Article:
How One Leader Planned a Gradual Exit
Greg Maciag, the former CEO of the Association for Cooperative Operations Research and Development isn't leaving the organization slowly.
By the time Greg Maciag announced his coming retirement from the Association for Cooperative Operations Research and Development in 2014, he was the embodiment of institutional memory. He’d spent 40 years with ACORD, more than 20 as president and CEO.
His successor, Bill Pieroni, took the helm in March, but Maciag is sticking around for a 12-month advisory position. Pieroni acknowledges the idea of a lingering past executive “flies in the face of what most CEOs would think,” but he says being able to consult with Maciag has been invaluable. “I cherish the fact that I can rely upon him as a thought partner,” he says. “I bother him endlessly. He gets late-night calls 10 or 11 at night—I’m waking him up.”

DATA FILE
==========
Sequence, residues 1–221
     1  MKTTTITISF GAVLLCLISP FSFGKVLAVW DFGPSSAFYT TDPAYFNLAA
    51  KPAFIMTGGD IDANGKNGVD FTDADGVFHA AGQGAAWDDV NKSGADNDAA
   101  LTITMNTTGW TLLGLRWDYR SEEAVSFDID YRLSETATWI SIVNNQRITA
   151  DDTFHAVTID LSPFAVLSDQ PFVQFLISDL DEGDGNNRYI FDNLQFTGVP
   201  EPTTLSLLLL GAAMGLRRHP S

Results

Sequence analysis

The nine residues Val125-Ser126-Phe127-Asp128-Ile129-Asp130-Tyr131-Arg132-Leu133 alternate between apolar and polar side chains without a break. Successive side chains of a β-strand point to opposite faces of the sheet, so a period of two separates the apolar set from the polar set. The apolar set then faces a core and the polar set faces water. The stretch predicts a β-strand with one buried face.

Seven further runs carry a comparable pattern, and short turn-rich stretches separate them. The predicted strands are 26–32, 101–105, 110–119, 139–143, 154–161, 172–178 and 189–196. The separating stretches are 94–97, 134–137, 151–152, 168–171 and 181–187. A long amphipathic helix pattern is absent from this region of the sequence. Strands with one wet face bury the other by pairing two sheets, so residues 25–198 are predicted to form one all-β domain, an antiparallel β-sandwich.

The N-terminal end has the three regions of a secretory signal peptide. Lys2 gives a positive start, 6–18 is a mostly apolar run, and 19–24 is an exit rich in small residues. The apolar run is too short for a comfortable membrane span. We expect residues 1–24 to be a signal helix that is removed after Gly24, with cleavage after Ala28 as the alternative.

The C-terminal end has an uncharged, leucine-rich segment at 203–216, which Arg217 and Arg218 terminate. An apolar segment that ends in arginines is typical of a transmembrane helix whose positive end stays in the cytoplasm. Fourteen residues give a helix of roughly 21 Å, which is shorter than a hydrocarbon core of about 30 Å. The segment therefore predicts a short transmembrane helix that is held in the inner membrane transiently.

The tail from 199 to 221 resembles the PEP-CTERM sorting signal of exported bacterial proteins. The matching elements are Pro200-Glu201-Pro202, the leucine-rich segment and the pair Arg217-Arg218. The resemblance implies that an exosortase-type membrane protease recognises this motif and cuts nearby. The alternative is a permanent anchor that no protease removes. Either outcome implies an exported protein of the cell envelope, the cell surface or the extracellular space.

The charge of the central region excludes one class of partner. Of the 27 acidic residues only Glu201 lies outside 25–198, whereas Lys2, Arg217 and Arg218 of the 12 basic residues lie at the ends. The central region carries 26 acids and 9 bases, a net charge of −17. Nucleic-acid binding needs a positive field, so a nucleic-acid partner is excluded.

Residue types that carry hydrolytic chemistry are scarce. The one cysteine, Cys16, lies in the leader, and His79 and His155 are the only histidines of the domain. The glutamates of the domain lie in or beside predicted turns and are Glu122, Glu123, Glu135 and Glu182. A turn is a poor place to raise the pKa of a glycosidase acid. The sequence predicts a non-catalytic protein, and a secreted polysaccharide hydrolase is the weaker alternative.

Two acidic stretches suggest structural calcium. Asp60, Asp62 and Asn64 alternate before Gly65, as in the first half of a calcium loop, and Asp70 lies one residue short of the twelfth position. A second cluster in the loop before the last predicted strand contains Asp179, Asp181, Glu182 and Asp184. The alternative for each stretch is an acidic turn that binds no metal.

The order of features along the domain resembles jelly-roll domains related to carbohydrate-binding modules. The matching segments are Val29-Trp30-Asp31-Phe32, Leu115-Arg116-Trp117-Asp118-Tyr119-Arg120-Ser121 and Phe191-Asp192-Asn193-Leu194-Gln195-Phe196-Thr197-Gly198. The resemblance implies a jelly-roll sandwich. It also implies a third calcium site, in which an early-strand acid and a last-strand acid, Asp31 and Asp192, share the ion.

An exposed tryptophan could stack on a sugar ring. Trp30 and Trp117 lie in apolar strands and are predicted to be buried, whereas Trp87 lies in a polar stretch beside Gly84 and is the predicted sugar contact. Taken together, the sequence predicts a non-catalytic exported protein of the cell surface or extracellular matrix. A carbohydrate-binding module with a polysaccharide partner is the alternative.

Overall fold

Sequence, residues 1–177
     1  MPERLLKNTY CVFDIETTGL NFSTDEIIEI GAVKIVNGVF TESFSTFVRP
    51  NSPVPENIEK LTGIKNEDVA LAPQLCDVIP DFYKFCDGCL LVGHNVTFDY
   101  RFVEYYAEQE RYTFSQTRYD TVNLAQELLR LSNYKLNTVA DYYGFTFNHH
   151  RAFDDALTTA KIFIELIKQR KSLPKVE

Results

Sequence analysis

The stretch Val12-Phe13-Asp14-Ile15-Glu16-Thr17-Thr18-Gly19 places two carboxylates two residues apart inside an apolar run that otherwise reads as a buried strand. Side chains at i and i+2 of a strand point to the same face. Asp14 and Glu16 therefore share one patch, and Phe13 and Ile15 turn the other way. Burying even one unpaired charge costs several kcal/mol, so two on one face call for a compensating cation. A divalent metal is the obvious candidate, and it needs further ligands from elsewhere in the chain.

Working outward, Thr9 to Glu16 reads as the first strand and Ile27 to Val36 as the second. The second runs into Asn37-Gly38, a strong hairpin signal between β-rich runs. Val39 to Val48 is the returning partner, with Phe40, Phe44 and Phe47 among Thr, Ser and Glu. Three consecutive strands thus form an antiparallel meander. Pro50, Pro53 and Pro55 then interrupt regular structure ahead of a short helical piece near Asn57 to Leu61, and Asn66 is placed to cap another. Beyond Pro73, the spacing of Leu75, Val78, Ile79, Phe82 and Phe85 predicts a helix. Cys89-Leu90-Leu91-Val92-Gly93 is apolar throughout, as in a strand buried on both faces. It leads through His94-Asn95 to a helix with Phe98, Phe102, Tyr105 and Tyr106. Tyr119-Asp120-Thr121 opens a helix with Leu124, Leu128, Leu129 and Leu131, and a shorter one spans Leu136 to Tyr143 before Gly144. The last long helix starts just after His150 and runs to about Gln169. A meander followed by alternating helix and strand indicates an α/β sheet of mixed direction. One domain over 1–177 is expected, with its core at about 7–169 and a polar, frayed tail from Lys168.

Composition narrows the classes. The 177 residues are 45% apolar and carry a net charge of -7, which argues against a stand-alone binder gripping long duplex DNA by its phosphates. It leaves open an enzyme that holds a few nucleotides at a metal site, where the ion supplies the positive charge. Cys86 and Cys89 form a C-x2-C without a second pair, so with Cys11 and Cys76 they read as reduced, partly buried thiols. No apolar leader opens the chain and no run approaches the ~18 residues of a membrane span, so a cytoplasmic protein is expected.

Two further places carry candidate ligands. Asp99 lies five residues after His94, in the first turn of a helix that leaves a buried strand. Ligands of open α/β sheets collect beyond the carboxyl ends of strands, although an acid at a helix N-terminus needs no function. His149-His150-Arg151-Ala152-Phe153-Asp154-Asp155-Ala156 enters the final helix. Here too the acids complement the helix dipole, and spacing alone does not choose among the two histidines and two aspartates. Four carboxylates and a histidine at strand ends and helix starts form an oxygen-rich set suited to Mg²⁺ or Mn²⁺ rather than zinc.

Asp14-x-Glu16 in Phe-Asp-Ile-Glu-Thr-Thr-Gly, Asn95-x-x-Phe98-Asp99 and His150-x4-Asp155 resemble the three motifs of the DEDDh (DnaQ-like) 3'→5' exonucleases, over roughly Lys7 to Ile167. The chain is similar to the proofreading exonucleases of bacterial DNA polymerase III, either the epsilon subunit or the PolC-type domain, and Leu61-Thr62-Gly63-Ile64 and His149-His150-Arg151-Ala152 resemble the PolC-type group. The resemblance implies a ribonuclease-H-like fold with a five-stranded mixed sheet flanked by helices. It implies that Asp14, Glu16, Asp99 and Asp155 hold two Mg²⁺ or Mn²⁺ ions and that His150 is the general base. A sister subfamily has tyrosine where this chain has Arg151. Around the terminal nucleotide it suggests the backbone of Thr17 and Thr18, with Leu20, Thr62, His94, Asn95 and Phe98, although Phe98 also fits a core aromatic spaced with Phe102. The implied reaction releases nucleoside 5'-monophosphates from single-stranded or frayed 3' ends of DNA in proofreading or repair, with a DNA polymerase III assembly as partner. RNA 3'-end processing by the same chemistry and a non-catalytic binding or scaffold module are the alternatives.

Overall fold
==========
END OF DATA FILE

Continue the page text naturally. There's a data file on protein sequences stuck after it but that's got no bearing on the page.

Not every new executive is eager to have a predecessor nearby, but Nancy Green, FASAE, CAE, interim executive director at the American Industrial Hygiene Association, says such arrangements work best within well-defined parameters. If board or staff get mixed signals about who to turn to for decisions—or even if they go to the previous CEO merely out of habit—Green says “there’s a shadow hanging over one of the most important times in a new CEO’s tenure.”
ACORD structured Maciag’s role accordingly, but four decades of knowledge was worth keeping available in reserve. “I serve exclusively as an advisor to Bill. Although Bill provided me with office space, I work from home and come to the office for meetings when needed,” Maciag says. “But these are unusual circumstances that few associations experience.”
Greg Maciag, the former CEO of the Association for Cooperative Operations Research and Development. (Handout photo)